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May 27.

The rebel fortifications at Port Hudson were this day attacked by the National forces under the command of General Banks, but, after a desperate conflict of eight hours duration, they were unable to reduce them. In the first charge made upon the works, Captain Callioux and Lieutenant Crowder, both colored officers, were killed.--(Doc. 201.)

The United States gunboat Cincinnati, was sunk by the rebel batteries at Vicksburgh, Miss. Lieutenant Commander Bache, gave the following report of the occurrence to Admiral Porter: “In obedience to your order, the Cincinnati got under way this morning at seven o'clock, and steamed slowly down until a little abreast of where the mortars lie. When we rounded to, the enemy fired several shots from a gun called ‘Whistling Dick,’ but soon gave it up. At half-past 8, with a full head of steam, we stood for the position assigned us. The enemy fired rapidly, and from all their batteries. When abreast of our pontoon, and rounding to, a ball entered the magazine, and she commenced sinking rapidly. Shortly after, the starboard tiller was carried away. Before and after this, the enemy fired with great accuracy, hitting us nearly every time. We were especially annoyed by plunging shots from the hills, and eight-inch rifled and ten-inch smooth-bore shots did us much damage. The shots went entirely through our protection — hay and wood. And now, finding that the vessel would sink, I ran her up-stream as near the right-hand shore as our damaged steering apparatus would permit. About ten minutes before she sank we ran close in, got out one plank, and put the wounded ashore. We also got a hawser out to make fast to a tree to hold her until she sunk. Unfortunately, the men ashore left the hawser without making it fast. The enemy were still firing, and the boat commenced drifting out. I sung out to the men to swim ashore, thinking we were in deeper water (as was reported) than we really were. I suppose about fifteen were drowned and twenty-five killed and wounded, and one probably taken prisoner. This will sum up our whole loss. The boat sunk in about three fathoms of water; she lies level and can easily be raised, but lies within range of the enemy's batteries. The vessel went down with her colors nailed to her mast, or rather to the stump of one, all three having been shot away. Our fire, until the magazine was drowned, was good, and I am satisfied did damage. We only fired at a two-gun water-battery.”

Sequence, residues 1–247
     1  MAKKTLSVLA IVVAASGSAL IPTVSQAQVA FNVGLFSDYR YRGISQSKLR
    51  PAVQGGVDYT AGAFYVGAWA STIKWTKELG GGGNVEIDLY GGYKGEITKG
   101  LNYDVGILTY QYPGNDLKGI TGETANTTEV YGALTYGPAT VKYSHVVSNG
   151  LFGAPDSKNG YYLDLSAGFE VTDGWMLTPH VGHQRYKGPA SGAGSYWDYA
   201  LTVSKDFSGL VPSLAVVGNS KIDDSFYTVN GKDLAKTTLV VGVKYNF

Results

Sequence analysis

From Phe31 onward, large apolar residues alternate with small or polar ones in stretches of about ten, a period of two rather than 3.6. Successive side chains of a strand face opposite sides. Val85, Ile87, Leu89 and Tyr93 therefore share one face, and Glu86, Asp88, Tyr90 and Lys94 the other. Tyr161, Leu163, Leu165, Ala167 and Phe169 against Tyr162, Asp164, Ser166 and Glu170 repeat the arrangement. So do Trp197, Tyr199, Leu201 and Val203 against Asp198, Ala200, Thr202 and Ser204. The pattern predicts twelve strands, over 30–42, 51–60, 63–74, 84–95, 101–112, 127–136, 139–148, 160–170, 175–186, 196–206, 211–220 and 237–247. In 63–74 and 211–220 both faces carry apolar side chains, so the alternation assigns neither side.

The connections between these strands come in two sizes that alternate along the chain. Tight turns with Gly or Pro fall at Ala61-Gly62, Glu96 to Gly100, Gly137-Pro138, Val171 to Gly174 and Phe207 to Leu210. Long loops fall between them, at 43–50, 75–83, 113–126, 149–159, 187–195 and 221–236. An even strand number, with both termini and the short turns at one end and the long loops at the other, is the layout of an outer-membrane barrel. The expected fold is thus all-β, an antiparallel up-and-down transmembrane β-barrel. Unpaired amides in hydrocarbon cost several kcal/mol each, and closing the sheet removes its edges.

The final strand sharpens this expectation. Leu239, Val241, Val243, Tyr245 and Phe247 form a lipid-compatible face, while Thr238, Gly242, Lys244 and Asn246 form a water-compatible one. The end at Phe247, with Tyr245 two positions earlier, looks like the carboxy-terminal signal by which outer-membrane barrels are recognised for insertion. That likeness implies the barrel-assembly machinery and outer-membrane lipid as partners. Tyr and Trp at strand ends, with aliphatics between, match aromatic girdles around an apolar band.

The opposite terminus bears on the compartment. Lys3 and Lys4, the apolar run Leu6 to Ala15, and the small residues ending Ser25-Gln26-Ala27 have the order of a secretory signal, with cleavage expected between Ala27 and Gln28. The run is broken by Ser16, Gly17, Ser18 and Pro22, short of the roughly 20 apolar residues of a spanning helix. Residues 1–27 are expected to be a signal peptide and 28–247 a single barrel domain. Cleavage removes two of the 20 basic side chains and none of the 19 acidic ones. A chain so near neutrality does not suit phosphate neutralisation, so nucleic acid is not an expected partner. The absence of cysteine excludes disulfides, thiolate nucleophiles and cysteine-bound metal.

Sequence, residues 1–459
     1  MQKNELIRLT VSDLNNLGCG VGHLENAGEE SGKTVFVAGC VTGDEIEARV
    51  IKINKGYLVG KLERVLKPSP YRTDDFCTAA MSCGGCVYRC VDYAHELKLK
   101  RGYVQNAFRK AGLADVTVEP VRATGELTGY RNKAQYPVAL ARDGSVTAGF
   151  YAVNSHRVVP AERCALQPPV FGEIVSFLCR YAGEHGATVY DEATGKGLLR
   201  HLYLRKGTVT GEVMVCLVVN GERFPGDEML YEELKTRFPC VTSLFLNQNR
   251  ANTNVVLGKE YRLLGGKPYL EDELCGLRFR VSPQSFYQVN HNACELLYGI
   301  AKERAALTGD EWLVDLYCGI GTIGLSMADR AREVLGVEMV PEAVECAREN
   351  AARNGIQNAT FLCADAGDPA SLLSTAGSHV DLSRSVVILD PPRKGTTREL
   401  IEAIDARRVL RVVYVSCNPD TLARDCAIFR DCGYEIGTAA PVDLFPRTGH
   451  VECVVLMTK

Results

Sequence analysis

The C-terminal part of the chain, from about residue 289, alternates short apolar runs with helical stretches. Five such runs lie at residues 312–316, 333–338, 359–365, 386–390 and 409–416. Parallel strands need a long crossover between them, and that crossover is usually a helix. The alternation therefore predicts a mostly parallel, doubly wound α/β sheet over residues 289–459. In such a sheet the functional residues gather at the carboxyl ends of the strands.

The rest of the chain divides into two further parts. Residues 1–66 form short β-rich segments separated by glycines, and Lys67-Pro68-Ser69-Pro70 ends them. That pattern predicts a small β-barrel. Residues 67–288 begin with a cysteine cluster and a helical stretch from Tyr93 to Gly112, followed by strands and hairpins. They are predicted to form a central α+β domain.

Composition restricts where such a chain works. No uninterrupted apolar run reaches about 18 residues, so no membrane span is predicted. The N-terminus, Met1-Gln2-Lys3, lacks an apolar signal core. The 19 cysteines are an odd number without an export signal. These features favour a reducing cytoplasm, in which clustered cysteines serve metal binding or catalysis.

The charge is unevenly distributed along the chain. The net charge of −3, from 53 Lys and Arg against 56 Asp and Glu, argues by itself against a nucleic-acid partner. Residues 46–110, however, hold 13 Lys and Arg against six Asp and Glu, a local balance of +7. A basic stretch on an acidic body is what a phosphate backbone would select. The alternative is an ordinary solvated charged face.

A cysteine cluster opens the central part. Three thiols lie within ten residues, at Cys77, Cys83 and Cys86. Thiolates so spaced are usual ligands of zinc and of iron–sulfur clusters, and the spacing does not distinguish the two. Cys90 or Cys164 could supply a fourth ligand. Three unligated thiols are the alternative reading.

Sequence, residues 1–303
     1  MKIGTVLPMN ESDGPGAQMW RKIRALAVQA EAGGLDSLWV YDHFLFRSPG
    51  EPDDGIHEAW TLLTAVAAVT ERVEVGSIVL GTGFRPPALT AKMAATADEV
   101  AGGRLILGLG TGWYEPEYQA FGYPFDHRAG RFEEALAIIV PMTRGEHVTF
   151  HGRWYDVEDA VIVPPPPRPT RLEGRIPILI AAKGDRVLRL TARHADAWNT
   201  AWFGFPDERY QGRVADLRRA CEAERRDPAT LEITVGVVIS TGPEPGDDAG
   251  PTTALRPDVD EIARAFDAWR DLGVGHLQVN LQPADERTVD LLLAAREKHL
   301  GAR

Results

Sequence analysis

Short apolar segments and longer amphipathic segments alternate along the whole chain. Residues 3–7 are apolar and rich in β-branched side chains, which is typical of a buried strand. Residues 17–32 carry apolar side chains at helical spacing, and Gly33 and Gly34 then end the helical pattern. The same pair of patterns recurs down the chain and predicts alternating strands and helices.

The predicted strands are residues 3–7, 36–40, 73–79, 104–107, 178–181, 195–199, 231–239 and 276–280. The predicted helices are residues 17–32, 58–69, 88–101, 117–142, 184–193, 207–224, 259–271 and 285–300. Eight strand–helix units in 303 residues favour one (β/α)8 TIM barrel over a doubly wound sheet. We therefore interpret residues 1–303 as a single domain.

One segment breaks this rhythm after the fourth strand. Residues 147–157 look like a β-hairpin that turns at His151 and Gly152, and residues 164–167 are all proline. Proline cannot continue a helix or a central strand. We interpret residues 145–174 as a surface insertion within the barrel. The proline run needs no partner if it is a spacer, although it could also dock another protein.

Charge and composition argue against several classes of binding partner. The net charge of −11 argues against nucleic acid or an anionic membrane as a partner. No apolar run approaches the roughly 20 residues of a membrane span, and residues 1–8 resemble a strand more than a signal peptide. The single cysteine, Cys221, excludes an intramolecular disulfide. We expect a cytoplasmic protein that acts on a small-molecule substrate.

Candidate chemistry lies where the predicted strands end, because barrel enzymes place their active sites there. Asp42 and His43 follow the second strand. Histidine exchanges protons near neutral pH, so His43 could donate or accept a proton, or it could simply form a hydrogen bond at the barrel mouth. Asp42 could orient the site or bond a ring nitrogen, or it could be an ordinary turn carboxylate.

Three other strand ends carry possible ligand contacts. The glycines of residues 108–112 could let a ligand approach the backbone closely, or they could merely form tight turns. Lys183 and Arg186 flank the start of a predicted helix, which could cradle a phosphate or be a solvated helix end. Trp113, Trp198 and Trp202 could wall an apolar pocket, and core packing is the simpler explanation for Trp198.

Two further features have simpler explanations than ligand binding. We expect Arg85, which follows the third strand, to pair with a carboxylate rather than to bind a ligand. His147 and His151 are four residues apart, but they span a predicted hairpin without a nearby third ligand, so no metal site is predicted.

The Eleventh battery of Massachusetts volunteers, returned to Boston from the seat of war.

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